Investors have long seen Whole Foods Market (NASDAQ:WFM) as the pioneer in the organic and natural foods space, with the grocery chain having played a major role in driving consumer demand for higher-quality food, not just in supermarket retail, but throughout the food industry. After emerging from a long slump last quarter, Whole Foods still had to prove to its investors that its turnaround would result in more than just a single quarter's bounce, and coming into the company's fiscal first-quarter financial report Wednesday afternoon, shareholders were on edge about whether Whole Foods would indeed follow through.
Whole Foods once again delivered solid results for the quarter, building further momentum and suggesting that the grocery chain is on the right track for the long run. Let's take a closer look at Whole Foods Market's recovery, and what its quarterly results mean for the future.
Whole Foods Market serves up fresh earnings
Whole Foods kept its revenue and profits moving in the right direction during the quarter. Total sales climbed more than 10%, to $4.67 billion, matching what most of those following the stock had expected from the company. Net income rose 5.7%, to $167 million, and thanks to a substantial reduction in the number of shares outstanding, Whole Foods posted earnings of $0.46 per share, topping analysts' consensus figures by $0.01.
Whole Foods tapped all of its potential sources of growth. The company added nine new stores during the quarter, capping a year in which it boosted its overall square footage by 9.4%. At the same time, Whole Foods enjoyed accelerating comparable-store sales growth of 4.5%, which was almost half again faster than its 3.1% comps from the previous quarter. Even with a slight change in the way the company calculates comps, Whole Foods continued to gain speed coming into the 2015 calendar year.
Whole Foods also continued to show discipline in investing its capital in high-return projects. Return on invested capital was a strong 14.8%, matching year-earlier levels. Even adjusting for its operating leases, Whole Foods still produced a solid 9.3% ROIC figure, although that was down two-tenths of a percentage point from last year's quarter.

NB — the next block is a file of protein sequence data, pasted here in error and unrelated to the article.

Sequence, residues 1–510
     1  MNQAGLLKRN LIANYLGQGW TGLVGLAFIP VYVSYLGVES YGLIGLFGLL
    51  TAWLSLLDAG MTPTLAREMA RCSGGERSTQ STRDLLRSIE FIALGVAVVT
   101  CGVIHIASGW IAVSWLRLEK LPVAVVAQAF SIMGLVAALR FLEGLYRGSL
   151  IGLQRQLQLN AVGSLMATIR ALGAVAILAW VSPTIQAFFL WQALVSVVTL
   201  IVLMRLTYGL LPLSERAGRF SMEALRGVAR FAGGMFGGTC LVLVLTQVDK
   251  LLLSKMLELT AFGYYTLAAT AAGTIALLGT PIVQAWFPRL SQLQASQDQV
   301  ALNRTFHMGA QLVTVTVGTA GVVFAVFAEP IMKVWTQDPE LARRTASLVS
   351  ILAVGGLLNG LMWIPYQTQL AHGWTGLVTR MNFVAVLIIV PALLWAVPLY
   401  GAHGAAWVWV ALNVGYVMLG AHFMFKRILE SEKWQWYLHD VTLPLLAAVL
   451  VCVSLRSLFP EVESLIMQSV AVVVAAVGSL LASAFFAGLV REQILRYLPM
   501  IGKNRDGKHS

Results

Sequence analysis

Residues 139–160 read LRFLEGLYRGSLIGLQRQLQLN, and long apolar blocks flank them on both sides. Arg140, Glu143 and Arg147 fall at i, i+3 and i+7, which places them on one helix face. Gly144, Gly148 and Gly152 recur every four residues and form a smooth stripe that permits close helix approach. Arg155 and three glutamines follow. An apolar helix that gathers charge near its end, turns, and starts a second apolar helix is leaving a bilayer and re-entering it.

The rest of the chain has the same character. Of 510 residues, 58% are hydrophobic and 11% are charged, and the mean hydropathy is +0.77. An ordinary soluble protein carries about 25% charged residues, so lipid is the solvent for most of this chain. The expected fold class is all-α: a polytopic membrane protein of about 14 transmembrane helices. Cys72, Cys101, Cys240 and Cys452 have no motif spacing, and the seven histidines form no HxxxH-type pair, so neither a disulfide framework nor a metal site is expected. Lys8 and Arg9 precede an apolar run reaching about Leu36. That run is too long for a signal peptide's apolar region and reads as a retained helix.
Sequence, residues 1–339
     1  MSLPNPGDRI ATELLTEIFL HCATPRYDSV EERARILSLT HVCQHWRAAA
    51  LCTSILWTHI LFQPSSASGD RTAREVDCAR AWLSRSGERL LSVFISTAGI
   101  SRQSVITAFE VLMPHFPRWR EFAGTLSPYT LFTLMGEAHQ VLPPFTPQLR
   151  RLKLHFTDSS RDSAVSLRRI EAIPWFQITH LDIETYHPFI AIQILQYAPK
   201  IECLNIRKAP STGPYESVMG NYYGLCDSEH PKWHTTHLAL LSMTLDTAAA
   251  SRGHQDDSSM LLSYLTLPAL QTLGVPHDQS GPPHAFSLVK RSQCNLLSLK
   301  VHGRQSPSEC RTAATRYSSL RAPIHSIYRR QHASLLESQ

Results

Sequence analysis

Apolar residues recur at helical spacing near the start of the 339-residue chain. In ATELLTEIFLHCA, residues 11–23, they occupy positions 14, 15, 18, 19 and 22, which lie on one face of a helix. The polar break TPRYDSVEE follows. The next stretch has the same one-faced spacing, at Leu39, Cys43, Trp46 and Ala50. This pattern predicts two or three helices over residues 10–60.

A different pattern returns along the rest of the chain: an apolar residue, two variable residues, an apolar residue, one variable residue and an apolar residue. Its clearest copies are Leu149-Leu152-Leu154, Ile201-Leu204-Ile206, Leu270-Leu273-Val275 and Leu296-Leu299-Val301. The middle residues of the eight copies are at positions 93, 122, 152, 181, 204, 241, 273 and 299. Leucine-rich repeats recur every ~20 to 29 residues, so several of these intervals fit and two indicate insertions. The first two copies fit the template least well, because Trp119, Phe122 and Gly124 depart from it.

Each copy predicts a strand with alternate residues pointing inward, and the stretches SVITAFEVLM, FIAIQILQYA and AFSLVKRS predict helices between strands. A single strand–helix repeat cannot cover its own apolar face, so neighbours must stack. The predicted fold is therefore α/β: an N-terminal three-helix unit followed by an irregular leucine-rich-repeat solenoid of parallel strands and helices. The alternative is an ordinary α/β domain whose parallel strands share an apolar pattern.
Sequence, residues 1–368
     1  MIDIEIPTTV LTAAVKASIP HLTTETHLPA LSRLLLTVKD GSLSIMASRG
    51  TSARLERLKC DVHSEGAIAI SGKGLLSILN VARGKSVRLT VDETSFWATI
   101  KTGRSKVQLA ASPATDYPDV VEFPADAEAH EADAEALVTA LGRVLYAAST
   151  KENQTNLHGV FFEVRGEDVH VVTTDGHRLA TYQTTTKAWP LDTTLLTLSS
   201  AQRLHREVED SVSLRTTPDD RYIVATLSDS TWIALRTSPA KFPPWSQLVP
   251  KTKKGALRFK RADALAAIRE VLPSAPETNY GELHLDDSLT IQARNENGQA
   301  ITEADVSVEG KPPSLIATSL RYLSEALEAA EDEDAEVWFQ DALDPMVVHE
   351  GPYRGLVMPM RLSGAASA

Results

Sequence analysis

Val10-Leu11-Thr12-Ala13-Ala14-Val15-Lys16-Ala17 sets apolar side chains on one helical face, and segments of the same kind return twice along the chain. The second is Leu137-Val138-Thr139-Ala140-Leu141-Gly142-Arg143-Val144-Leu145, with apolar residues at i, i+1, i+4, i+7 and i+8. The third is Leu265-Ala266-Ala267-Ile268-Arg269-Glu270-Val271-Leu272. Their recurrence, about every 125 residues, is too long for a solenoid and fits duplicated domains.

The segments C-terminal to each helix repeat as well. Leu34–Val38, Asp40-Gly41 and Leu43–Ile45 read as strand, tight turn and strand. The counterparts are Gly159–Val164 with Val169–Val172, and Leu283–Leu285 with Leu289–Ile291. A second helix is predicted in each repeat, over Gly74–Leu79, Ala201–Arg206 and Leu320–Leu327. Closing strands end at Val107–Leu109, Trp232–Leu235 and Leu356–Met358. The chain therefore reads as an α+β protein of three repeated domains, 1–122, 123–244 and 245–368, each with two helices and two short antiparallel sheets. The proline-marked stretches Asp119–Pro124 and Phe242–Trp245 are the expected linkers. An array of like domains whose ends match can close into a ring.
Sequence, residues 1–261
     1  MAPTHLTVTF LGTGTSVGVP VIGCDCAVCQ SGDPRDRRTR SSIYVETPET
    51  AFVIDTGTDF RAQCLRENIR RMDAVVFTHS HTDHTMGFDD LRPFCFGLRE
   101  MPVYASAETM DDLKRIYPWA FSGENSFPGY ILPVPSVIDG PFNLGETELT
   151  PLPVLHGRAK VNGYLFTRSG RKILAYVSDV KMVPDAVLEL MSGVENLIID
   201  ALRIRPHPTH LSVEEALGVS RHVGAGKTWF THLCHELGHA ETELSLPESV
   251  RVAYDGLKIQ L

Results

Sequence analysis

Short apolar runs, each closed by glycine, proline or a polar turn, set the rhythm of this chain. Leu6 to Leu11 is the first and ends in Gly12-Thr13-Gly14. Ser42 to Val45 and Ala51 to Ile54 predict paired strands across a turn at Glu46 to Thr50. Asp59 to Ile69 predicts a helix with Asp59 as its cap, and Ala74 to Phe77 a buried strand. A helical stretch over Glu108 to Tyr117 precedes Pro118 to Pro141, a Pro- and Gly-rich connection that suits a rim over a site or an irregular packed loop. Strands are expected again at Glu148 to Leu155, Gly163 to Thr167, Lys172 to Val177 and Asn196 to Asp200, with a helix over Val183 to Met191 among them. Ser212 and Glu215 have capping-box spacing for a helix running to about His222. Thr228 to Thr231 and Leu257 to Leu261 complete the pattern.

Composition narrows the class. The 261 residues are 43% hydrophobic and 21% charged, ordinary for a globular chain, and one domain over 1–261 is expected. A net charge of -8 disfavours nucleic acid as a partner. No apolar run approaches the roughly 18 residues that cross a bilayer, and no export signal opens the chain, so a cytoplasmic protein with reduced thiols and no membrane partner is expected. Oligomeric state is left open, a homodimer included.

Co-CEO Walter Robb trumpeted the success of the company, attributing "our broad-based sales momentum to our customers' positive response to our many strategic initiatives, along with improving consumer confidence." In particular, Robb stressed not only the community-enhancing nature of the chain's store locations but also the technological innovations that are changing the way people shop.
What will Whole Foods see in 2015?
Whole Foods has started the current quarter on a strong note, as well, with same-store sales continuing to accelerate, coming in at 4.9% for the first three weeks of the fiscal second quarter. The company has already opened three new stores, and it expects eight more to open during the remainder of the quarter.
More broadly, Whole Foods maintained its expectations for growth throughout the 2015 fiscal year. That includes sales growth of more than 9%, comps in the low- to mid-single digits, and between 38 and 42 new store openings. Whole Foods also believes that its operating margins and returns on invested capital will remain near their current levels.
Yet Whole Foods also has to address some signs of maturing markets that could hamper growth. Digging into its comps, Whole Foods has sustained solid growth of 9.6% for stores that are less than five years old. But comparable-store sales drop to 2.3% for those stores that are more than 11 years old, and with 45% of its stores falling in that older category, Whole Foods has some work to do to reignite shoppers' appetites in its better-established locations.
Whole Foods has also demonstrated its ongoing commitment to shareholders. In addition to returning $43 million in capital to shareholders through dividends, Whole Foods also bought back about 900,000 shares during the quarter, spending $43 million to do so. That pace is slower than the $578 million it spent in fiscal 2014; but with share prices on the rise, Whole Foods arguably doesn't see the need to be as aggressive with repurchases.
Whole Foods investors reacted favorably to the results, sending the stock up about 2% in the first half-hour after the announcement in after-hours trading. Given the huge gains that investors have already seen in recent months, Whole Foods looks like it might be just getting started in producing long-term returns for shareholders.
John Mackey, co-CEO of Whole Foods Market, is a member of The Motley Fool's board of directors. Dan Caplinger owns shares of Whole Foods Market. The Motley Fool recommends Whole Foods Market. The Motley Fool owns shares of Whole Foods Market. Try any of our Foolish newsletter services free for 30 days. We Fools may not all hold the same opinions, but we all believe that considering a diverse range of insights makes us better investors. The Motley Fool has a disclosure policy.